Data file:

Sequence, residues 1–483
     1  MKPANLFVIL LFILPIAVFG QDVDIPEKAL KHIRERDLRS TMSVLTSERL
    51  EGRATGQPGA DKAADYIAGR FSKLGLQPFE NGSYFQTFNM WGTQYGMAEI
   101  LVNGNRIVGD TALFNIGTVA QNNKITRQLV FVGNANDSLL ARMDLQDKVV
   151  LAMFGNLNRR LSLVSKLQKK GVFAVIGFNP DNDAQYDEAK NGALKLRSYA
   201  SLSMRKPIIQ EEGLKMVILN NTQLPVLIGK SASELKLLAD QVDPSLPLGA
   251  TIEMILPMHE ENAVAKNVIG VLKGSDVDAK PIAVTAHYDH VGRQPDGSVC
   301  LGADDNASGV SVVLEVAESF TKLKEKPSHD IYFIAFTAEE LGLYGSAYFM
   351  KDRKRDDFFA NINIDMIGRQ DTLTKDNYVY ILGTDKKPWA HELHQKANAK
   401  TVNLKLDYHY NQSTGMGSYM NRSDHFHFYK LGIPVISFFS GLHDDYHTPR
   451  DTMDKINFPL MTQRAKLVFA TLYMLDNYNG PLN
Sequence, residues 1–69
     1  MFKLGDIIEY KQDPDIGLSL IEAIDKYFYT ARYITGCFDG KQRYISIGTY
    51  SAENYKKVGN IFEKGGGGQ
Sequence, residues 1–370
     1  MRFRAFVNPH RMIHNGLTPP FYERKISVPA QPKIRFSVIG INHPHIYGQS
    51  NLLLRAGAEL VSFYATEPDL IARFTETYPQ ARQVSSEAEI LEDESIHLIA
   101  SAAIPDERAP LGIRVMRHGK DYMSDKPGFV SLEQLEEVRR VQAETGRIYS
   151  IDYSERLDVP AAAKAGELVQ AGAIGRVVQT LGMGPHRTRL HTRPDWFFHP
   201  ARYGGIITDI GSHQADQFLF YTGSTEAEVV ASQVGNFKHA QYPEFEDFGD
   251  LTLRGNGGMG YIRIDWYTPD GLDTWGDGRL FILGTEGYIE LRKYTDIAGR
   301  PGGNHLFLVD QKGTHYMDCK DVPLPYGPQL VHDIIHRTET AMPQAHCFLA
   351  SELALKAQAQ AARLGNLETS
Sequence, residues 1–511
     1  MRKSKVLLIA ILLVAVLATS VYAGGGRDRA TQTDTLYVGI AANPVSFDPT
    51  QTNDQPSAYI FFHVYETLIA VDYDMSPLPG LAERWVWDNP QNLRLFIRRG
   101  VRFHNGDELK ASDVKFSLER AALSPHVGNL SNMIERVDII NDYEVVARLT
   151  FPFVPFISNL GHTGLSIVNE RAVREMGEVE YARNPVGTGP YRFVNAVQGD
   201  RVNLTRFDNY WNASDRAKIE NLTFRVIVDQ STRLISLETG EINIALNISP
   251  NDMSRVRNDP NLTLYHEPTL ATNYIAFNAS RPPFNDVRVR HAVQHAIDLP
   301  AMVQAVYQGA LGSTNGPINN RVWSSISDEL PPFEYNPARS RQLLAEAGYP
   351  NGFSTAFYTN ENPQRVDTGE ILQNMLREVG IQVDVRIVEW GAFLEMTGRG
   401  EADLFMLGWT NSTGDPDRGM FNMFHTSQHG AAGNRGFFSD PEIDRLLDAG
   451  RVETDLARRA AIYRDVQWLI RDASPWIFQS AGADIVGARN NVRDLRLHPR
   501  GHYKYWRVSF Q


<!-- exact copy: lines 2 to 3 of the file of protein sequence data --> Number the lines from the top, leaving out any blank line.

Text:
     1  MKPANLFVIL LFILPIAVFG QDVDIPEKAL KHIRERDLRS TMSVLTSERL
    51  EGRATGQPGA DKAADYIAGR FSKLGLQPFE NGSYFQTFNM WGTQYGMAEI